There are satisfying encounters in the movie but I enjoyed the interaction between the characters best of all. Pine’s schemes often fall apart – just like players’ plans in D&D sessions – and though the party bicker and bluster they ultimately work together to use their unique skills and abilities to win the day. The final act of the movie captures this, the best moment of role-playing sessions where -when all seems lost - players dig deep to drag victory out of the dragon-like jaws of seemingly certain defeat.     

The movie deserves to be successful, and I would happily watch this adventuring party embark on another quest. The Dungeons & Dragons roleplaying game has surged in popularity these last few years and even famous actors are now willing to out themselves as gamers. I hope other filmmakers champion my noble hobby and, who knows, maybe one day I will see a fantasy-horror movie of The Tomb of Horrors, complete with adventurers suffering suitably grisly fates in Gygax’s most unwinnable of adventures.

Well a DM can dream After all, the most important component of every Dungeon Master’s arsenal is a vivid imagination.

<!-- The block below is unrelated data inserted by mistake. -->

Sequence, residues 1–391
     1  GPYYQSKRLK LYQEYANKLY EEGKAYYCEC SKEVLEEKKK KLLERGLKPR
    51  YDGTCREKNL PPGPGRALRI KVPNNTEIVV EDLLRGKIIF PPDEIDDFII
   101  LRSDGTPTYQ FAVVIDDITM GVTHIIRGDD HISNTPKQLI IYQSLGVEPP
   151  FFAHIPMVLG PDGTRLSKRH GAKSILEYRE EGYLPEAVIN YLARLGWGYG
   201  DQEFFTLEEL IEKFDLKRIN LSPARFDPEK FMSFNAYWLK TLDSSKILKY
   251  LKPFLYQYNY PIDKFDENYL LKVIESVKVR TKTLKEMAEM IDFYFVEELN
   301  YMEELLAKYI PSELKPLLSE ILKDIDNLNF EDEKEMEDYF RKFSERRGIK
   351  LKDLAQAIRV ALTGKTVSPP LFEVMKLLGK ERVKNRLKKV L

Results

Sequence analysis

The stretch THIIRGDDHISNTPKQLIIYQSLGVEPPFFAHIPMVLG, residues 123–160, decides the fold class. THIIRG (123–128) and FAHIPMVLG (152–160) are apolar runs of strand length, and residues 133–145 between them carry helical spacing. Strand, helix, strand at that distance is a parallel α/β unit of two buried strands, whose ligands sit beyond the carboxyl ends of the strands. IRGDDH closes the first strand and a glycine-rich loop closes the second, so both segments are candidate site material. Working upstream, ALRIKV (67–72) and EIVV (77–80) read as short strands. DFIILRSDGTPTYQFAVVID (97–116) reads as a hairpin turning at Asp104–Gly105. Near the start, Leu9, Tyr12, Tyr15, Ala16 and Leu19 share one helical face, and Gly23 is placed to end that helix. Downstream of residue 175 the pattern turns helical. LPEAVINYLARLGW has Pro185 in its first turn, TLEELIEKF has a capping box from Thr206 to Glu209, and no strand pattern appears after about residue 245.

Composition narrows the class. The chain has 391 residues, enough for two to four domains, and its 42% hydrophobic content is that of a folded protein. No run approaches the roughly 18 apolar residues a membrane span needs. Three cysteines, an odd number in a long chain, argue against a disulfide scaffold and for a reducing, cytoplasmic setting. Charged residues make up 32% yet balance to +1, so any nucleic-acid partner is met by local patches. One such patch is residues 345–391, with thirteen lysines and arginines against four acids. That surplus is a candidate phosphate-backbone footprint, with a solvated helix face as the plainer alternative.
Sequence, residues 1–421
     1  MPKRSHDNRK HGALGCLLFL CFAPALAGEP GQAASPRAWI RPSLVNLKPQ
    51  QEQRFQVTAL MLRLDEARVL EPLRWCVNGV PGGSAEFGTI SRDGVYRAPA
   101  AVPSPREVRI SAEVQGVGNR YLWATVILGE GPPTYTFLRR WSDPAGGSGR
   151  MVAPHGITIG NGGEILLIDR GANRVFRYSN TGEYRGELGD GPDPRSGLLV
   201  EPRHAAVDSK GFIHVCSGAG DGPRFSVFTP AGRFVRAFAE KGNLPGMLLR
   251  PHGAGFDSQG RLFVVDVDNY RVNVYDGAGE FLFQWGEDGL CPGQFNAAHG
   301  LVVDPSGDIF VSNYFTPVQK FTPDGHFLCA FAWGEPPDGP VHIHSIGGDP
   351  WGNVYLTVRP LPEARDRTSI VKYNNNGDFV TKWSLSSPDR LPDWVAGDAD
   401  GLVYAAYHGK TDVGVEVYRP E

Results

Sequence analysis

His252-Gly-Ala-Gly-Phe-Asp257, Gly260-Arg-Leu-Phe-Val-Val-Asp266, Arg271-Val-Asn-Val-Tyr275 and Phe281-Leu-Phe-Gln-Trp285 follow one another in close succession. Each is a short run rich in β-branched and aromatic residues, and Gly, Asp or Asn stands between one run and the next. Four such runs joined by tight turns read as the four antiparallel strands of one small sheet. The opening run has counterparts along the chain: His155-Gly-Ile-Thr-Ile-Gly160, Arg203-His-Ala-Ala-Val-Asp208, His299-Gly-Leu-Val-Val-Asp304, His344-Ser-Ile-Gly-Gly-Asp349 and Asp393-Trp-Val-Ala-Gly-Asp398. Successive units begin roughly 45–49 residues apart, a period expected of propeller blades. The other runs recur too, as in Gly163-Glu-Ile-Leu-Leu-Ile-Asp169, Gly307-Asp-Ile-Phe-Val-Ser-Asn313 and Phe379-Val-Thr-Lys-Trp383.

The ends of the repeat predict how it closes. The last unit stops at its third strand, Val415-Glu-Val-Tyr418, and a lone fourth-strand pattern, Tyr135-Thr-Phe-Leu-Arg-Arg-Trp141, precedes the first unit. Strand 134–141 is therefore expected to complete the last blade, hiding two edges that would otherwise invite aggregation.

By Gary Oberg


  1. Pelor - in D&D, the god of the Sun, Light, Strength, and Healing. He is known as the Shining One, and the Sun Father. He is known as the creator of much that is good.
  2. Tieflings – in D&D, a race whose human ancestors made a bargain with devils to increase their power.
  3. Easter Eggs - hidden references, inside jokes or clues placed in movies, television programmes and video games. Like secret love letters written by the show's creators to their eagle-eyed fans, the messages aren't usually obvious and sometimes it can take a die-hard fan to spot them.
  4. MacGuffin - object, device or event that is necessary to the plot and the motivation of the characters, but insignificant or irrelevant in itself.
  5. D20 – twenty-sided dice used in D&D.